April 18, 2010

Tibetan Singing Bowls

My birthday was last week, and my mom and sister gave me a very special present: an antique Tibetan singing bowl, dating back to the 18th century . . . just old enough to have accumulated some layers of use and history. My interest in Tibetan singing bowls began about two years ago, which prompted me to purchase a CD by Benjamin Iobst called Seven Metals: Singing Bowls of Tibet. After many repeat listenings to the calming sounds and varying tones of these bowls, I decided that I wanted to purchase my own bowl and came upon a great Web store that sells new and antique bowls: http://www.himalayanbowls.com/. On this site you can listen to different bowls to see which sound fits your style. Not many sites offer this feature. And if you are not familiar with the sound of singing bowls, I recommend you listen to a few just for fun. Very calming and centering.

Traditional Tibetan (or Himalayan) bowls are made from seven metals: gold, silver, mercury, copper, tin, lead, and iron. Sometimes iron would be replaced with meteorites found on the Himalayan mountaintops, often called "sky-iron" or "metal from the heavens". The combination of different metals is what makes them multiphonic instruments, which means they produce multiple harmonic overtones at the same time. Each metal produces its own overtone, resulting in a beautiful and sacred sound. As a singing bowl ages, it is gifted with richer tones and warmer, mellower sounds. The antique ones are worth spending more money on compared to the newer, cheaper, machine made varieties . . . which can sound good, but they lack the richness of sound that only time can produce--and they lack the hand-hammered, prayed-over qualities bestowed on by either monks or village craftsmen in days long gone.

The sound vibrations and harmonic frequencies of the bowls can stimulate the natural harmonic frequencies of different parts of the human body, putting physical, emotional, and spiritual energies back into alignment and providing a perfect environment for healing (a form of sound healing or sound therapy used by many holistic practitioners today). The multiple harmonic overtones have the ability to activate alpha brain waves, thus inducing relaxation, concentration, and meditation. The one simple goal, though, according to Tibetan monks, is to pay attention to what the bowl teaches you, through sound, about EMPTINESS (as the bowl is empty)--emptying our minds and going into our inner silence, the void, where our soul is waiting to reconnect with our whole being. Sound vibration affects not only the person using the singing bowl; it also affects the surrounding area, clearing negative energies and promoting inner wellness to those receptive to its teachings of emptiness. The sound and vibration carries far, even when we can't hear it anymore.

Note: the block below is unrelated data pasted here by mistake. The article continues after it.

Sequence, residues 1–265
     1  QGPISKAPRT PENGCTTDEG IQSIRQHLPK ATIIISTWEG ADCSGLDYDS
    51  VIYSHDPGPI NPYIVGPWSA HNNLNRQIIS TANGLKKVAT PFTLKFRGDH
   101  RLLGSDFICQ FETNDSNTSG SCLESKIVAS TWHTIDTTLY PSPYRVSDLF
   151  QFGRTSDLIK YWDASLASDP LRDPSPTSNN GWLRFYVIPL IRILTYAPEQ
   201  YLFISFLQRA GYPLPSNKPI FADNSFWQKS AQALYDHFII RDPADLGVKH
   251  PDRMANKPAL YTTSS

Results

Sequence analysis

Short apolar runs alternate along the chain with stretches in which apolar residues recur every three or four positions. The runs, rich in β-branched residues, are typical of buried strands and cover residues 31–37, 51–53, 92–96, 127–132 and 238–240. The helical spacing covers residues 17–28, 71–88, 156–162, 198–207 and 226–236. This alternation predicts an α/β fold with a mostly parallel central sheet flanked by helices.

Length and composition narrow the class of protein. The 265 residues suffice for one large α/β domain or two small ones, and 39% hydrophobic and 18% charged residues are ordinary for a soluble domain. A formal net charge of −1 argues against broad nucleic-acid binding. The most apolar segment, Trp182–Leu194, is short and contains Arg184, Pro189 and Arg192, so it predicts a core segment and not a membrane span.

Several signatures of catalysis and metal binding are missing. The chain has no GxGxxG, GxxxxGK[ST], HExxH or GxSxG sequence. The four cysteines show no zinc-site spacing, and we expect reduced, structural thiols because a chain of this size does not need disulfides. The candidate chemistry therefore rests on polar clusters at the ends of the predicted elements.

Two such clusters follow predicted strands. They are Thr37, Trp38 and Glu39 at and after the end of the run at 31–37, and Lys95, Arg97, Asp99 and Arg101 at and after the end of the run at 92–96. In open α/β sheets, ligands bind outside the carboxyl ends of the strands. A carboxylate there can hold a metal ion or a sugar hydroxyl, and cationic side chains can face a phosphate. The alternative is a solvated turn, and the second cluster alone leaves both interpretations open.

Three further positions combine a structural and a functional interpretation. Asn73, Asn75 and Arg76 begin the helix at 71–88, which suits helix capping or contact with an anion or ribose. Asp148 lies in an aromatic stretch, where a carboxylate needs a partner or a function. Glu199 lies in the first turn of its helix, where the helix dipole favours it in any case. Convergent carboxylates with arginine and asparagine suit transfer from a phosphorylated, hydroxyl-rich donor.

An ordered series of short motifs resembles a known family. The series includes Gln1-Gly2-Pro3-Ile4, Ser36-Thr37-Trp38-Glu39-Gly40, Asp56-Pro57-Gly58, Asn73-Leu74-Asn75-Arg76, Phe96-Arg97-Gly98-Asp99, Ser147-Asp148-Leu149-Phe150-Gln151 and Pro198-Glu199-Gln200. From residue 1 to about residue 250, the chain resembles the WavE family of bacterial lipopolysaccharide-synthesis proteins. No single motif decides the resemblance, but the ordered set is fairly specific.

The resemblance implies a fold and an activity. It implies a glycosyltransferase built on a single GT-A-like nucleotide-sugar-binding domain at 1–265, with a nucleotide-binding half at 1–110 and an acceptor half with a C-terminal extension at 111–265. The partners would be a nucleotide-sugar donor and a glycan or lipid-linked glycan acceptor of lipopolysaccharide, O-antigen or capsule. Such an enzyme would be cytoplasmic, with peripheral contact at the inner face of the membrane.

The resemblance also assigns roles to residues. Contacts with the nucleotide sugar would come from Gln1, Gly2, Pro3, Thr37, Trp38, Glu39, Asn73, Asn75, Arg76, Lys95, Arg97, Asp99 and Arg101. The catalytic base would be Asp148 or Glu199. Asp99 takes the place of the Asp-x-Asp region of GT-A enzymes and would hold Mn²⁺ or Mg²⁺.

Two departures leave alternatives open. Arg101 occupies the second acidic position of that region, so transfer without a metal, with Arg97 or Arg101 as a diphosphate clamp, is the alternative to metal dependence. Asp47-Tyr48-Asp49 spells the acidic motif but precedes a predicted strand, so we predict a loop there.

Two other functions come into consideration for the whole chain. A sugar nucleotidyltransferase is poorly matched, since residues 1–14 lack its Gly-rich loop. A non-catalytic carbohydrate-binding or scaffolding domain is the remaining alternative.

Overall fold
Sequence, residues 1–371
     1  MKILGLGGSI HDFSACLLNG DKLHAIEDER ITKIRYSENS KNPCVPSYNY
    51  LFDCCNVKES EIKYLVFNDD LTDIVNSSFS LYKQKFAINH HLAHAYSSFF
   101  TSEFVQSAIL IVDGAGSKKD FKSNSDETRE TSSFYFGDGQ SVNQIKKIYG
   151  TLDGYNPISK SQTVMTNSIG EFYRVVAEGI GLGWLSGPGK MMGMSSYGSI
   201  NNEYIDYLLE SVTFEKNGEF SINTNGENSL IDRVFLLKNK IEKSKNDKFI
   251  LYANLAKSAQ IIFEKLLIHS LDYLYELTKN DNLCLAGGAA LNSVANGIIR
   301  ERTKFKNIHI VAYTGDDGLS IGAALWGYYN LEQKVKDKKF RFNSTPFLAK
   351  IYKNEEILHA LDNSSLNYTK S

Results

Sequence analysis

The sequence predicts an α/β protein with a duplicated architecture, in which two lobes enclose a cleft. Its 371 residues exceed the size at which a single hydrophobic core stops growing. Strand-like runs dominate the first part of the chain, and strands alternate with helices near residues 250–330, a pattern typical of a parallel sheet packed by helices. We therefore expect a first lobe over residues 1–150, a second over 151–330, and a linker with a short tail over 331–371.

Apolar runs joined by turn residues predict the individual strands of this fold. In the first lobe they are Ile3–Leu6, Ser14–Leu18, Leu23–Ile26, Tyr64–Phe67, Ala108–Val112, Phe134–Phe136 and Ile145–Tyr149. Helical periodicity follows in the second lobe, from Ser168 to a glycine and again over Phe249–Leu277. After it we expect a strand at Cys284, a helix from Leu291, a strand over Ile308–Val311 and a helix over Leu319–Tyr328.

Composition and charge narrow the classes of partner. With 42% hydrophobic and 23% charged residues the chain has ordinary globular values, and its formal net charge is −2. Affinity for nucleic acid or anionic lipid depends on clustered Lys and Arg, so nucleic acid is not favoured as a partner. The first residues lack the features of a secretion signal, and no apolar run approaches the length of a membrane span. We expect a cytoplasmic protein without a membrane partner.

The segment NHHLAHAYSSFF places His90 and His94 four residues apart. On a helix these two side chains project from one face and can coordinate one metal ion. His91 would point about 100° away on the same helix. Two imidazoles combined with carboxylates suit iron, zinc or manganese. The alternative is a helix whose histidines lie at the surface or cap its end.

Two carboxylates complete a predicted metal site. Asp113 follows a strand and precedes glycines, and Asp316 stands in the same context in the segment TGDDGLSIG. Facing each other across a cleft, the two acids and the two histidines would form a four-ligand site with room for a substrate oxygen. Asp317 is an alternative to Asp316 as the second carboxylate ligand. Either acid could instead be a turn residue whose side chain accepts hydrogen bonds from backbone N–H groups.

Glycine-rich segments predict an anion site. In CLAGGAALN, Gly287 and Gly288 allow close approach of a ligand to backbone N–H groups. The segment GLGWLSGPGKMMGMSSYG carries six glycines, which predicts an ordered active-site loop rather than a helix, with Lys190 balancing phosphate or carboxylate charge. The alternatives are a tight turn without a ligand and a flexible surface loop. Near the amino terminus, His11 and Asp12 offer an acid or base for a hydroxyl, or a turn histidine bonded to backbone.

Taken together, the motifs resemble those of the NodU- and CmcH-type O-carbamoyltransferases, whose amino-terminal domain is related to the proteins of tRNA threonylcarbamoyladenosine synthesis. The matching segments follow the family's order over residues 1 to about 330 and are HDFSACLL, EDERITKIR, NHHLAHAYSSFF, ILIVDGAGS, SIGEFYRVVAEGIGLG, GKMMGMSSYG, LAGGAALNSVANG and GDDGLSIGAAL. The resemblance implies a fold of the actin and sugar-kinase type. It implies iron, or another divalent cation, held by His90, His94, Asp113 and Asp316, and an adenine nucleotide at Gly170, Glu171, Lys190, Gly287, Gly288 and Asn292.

My bowl is only about five inches in diameter, but it has a beautiful sound. There are two ways to play it. One way is to just strike it on the rim or the inside with a wooden mallet or a wool covered mallet. The other way to play it is a true other-worldly experience: to circle the outer edge of the rim with the wood mallet in a steady rhythm until the sound starts to build, and then it resonates in a way that is so full and tonal, it envelopes your whole being and takes over your sense of sound for a moment. This way is called making the bowl "sing".

I guess I love this meditative experience because I love anything that involves heightened senses and subtleties. There is something so spiritual and sacred in this sound healing meditation that can only be understood through experience . . . even the CD does not do the bowls justice, though it is wonderful to listen to. Having a bowl to use is a beautiful ritual utilizing sound and vibrations to promote healing on so many levels. It's also special to use before prayer to help center yourself and rid the mind of the racing thoughts that often clutter our prayers.

1 comment:

Phil Parker said...

Harmony comes in so many different ways.